To turn the tables a bit. Everybody says that it was the borrowers fault if they didn’t read a loan agreement and were surprised when the rate changed and they couldn’t afford it. Fine. So if a business looks at a customer and extends them credit, then it’s their fault if they didn’t research that borrowers ability to pay it back. HIs family had nothing to do with them getting the loan (assuming nobody cosigned).

Everybody says ??

Sometimes it feels that way. How about “most of the conservative posters on this board” says.

On second thought, no…everybody seems to say that ultimately it was the borrowers fault for not reading the legalese in the loan docs before they signed the papers, so therefore, they are responsible for getting into a loan they couldn’t afford or shouldn’t have been given…they might slip in a 'the lender was a weasle", but the responsibility seems to land directly on the borrowers shoulders.

KC - Nobody is saying that the mortgage broker was innocent of wrong doing when he told that woman to lie about her dead husband’s income on her mortgage application. What we are saying is that the woman committed fraud by listing the income that her dead husband made while he was alive as if she was still receiving that income. Committing a crime because someone told you to do it does not make it less of a crime.

It is not uncommon for a sales person to lie in order to make a sale, but everyone is responsible for what they actually do!

I’m not talking about that specific case. I am talking about the person who was lured in to a teaser rate by a broker who knew that once it adjusted the first time, the borrower wouldn’t be able to afford it.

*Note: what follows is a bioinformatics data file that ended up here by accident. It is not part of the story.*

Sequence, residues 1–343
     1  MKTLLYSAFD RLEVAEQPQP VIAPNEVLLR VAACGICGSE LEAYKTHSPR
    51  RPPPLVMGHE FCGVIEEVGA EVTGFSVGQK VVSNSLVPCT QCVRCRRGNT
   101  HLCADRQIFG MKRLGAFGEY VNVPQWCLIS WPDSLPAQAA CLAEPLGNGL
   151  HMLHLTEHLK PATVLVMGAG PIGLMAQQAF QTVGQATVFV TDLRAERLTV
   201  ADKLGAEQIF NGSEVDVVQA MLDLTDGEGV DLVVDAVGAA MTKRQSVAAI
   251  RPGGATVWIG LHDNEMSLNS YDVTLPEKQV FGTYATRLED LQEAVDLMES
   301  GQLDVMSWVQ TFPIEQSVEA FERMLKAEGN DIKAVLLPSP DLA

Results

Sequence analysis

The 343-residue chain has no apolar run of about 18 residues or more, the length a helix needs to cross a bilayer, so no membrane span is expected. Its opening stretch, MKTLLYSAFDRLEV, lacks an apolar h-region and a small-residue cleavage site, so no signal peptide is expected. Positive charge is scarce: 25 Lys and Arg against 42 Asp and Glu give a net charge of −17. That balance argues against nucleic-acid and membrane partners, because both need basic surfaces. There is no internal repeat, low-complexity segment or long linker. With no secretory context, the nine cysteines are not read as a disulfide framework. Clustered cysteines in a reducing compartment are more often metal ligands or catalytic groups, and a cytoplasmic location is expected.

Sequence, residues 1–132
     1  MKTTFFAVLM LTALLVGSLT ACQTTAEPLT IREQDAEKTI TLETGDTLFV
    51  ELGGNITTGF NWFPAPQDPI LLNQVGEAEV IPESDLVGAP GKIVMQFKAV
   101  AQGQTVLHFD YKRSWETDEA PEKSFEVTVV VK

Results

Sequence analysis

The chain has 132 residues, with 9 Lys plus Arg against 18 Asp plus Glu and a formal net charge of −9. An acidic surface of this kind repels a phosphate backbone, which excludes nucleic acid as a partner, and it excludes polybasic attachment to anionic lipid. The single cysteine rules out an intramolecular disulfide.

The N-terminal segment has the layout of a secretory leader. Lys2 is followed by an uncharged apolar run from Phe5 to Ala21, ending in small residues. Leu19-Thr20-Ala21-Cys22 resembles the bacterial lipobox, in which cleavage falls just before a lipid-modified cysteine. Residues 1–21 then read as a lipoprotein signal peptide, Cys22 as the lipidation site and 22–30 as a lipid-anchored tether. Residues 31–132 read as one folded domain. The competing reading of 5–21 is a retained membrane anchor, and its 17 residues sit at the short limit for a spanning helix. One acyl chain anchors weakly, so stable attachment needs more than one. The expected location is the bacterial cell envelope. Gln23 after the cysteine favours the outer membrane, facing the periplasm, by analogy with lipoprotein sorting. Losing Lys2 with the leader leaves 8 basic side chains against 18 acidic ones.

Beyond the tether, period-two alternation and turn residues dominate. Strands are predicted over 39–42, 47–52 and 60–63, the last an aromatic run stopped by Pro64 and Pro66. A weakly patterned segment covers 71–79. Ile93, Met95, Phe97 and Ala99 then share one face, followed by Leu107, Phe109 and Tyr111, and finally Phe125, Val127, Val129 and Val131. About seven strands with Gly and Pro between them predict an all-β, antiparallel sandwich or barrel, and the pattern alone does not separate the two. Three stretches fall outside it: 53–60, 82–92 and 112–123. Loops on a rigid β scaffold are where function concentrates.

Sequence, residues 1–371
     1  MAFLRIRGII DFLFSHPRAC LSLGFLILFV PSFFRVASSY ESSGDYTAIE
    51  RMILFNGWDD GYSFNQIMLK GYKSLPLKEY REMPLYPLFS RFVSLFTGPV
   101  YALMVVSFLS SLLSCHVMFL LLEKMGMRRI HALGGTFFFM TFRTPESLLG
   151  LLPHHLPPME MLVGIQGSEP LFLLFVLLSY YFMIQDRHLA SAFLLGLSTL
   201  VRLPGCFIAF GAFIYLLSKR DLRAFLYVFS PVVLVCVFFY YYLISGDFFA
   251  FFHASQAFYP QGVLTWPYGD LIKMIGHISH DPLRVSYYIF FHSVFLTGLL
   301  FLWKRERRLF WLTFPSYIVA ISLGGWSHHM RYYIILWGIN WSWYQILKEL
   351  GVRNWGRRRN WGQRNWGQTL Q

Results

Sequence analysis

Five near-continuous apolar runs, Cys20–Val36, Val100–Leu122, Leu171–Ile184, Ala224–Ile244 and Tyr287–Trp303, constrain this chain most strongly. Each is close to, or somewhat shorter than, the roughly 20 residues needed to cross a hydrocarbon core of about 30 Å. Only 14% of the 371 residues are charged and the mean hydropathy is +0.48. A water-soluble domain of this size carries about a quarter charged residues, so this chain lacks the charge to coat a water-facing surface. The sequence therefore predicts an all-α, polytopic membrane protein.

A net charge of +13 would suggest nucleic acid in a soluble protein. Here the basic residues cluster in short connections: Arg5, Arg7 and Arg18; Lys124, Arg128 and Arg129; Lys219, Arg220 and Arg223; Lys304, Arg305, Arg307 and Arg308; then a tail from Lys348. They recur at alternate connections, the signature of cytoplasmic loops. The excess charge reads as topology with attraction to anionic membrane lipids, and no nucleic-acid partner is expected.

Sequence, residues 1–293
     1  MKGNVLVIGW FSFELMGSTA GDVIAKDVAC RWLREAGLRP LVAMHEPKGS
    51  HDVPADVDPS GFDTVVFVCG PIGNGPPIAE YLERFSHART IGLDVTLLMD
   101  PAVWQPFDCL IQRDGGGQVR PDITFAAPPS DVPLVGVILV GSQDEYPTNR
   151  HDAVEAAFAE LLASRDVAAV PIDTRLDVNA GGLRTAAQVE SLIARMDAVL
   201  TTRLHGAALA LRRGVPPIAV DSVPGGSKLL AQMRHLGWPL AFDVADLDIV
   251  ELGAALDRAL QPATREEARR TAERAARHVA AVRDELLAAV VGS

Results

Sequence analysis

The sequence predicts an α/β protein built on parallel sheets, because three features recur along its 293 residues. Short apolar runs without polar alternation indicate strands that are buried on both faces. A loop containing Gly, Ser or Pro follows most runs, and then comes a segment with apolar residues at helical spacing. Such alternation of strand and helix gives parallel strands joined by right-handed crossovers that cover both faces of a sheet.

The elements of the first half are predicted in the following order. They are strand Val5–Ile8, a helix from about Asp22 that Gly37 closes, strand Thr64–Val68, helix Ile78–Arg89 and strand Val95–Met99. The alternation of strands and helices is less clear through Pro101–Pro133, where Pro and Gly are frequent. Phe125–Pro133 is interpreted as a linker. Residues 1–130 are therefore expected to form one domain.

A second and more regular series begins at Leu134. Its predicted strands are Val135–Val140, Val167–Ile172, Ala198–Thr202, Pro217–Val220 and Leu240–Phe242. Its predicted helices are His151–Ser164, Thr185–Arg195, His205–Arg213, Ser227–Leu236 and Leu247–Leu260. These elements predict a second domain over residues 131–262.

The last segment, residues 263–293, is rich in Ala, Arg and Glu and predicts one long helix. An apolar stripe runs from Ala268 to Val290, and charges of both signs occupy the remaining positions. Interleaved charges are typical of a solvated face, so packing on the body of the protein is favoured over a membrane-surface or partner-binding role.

I still maintain taht in the good old days, a banker would tell the person they couldn’t afford it and wouldn’t look for a way to make it affordable for a few years before putting the screws to them. But that was no longer expected of mortgage brokers, so the person who DIDN’T lie but was suckered in to a loan they couldn’t afford is blamed for not reading the legalese in the document. So in the case of this OP, the business owner should have done a better job of determining the creditworthiness of the borrower and not try to get the money from the borrowers family (unless one of them was foolish enough to cosign)

This is how I would expect it would play out.


My thoughts exactly.

There is no legal or moral obligation for family to pay off a bad debt.

Ancestors are dead, by definition. It’s not legally or logistically possible for a state to hold them responsible for anything, being all dead and all.

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I wonder about falial laws


Those are putting the responsibility on adult living children, the opposite of ancestors.